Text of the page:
I am supposing! Like with many items of information, basic ideas are easy to find, advanced material (esoteric papers) are abundant, but “intermediate” presentations are scarce.

      • Charlie says:

        Hi Bernie

        The trouble for me, is that ear popping doesn’t seem to have an effect on the Hum.

        If small pressure changes within my ear are responsible for my perception of variations to the Hum, I would have expected that the more rapid and dramatic change caused by ear popping would also have an effect. But it doesn’t.


  2. TINMA says:

    I personally do not believe in TI’s , so that topic wont be missed. If there is better proof of such a thing in the future…great lets discuss it.

    As for the hum I hear…it has returned as I predicted. I started hearing it about a week ago. I had to listen hard for it, but it was there. The hum has gotten a bit stronger in the last week , I do not need to listen as hard, if its quiet, it is easy to hear. Not as strong as it was last winter just yet though.

    I had a hunch it came with cooler weather…for me at least. Its been 50s during day, 40’s at night.

    I have a theory, but not ready to discuss it yet and I have some investigating to do .

    It will be warmer this weekend (70′ and 60’s) so will see what comes.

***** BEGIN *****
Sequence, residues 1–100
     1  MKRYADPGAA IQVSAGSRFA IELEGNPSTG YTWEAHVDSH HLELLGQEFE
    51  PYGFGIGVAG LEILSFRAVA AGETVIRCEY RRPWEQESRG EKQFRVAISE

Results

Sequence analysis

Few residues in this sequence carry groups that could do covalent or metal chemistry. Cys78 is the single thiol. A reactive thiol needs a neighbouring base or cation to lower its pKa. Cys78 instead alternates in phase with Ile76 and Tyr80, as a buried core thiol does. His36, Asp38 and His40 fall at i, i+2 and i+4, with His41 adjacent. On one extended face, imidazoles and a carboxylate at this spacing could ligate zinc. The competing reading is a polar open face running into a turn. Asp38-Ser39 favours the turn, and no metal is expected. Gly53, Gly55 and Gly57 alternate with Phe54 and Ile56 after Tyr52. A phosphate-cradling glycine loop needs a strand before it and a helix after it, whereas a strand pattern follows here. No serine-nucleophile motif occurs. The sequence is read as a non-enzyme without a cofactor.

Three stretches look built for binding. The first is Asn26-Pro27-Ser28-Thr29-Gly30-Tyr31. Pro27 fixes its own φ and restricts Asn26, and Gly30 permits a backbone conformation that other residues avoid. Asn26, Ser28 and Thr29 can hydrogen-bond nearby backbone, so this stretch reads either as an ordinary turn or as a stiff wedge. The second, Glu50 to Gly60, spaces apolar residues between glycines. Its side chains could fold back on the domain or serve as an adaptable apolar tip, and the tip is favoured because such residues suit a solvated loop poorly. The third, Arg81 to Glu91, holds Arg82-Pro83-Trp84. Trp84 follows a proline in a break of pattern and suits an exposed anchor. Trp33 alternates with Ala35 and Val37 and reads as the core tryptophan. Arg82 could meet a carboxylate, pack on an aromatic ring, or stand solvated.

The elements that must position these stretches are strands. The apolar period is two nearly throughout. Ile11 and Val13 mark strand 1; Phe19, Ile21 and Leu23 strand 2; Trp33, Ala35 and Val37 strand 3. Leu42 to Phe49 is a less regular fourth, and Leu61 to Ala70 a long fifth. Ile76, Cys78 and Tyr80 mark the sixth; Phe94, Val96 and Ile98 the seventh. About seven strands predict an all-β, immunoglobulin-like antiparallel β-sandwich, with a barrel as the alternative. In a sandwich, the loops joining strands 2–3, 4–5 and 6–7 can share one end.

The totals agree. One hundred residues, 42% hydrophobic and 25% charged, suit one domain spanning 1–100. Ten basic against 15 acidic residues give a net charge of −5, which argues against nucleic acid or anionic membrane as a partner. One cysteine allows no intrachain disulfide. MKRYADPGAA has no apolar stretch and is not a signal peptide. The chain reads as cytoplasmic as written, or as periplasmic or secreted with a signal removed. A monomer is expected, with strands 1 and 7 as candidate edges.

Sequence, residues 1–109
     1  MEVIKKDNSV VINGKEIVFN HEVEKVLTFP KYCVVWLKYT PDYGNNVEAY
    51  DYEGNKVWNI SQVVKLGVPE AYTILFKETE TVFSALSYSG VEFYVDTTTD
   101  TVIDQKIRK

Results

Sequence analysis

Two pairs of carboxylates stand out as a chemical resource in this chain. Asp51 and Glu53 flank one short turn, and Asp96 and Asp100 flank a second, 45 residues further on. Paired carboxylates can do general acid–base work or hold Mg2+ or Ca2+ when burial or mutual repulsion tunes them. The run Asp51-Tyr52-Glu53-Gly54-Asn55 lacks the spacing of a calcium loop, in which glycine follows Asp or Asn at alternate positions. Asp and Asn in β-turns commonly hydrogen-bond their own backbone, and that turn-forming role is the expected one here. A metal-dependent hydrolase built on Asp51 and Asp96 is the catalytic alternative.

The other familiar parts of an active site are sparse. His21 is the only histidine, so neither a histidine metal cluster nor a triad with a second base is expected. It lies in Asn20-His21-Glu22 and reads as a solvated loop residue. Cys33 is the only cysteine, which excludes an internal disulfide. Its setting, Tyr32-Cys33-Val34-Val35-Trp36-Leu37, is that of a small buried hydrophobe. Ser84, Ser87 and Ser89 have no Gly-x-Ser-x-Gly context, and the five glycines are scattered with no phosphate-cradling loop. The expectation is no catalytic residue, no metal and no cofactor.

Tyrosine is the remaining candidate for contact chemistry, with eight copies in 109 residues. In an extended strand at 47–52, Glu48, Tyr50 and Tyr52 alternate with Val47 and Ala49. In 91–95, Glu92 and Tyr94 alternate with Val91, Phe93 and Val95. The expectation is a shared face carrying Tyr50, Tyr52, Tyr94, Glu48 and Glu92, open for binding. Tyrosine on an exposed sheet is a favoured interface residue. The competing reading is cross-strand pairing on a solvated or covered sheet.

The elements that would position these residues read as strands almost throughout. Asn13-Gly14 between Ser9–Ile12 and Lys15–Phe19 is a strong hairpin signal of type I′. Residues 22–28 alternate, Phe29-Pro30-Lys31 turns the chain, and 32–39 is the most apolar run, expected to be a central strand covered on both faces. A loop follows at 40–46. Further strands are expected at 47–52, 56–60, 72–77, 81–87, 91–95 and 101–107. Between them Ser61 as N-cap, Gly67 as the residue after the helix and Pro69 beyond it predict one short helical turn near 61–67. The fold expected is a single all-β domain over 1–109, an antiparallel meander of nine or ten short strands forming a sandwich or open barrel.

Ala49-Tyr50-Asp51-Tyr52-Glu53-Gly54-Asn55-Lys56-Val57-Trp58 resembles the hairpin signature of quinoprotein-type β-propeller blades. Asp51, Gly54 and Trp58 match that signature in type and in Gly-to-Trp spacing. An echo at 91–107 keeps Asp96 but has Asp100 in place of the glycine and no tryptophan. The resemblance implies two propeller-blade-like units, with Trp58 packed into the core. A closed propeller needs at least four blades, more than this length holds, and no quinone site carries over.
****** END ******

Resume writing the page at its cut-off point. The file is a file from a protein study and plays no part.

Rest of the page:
Thanks to all working on this Hum……….

    • George G. says:

      Hi Tinma,

      If you have successfully predicted the return of the Hum, keep applying whatever method you are experimenting with.

      If your results continue to provide reasonably accurate predictions then please compile a brief description and post it here so others can verify it.

      Many thanks,


    • alijpeters says:

      Where do you live? I first started hearing the hum several years ago and it was always in the summer time. It would last for several weeks to a couple of months then stop. This past year I hadn’t heard it until about a month ago, and then only for about a week, and no more. Always at night.

      I’m curious to know when people first started hearing it. I first heard it about 5 years ago….

  3. Simon says:

    Tinma, this observation definitely agrees with my own experience here in the UK. The hum had, up until a couple of days ago, been fairly faint and quite easy to ignore, with periods of total silence lasting several hours in fact, With a bit of willpower I even stopped think about it for a few days, but since the temperature suddenly dropped, it got very intense and overpowering. Oddly, I can still stop it for up to a few minutes at a time by exhaling hard through the nose, but this gets less effective as the intensity (I hesitate to call it volume, it is not quite that simple..) increases.
    I await your revelations with great interest.

  4. Eva Fishman says:

    Thank you Glen! The whole TI “theory” has been a distraction (and detraction from actual scientific thought) for too long. There is a point at which trying to be politically correct becomes a problem for the serious scientist who is using scientific processes. Having an open mind doesn’t mean having holes in your head that allow anyone/anything to pour in… What if Columbus had given equal weight to the “Flat Earth” believers as he did to his own theories and that of scientists of the day?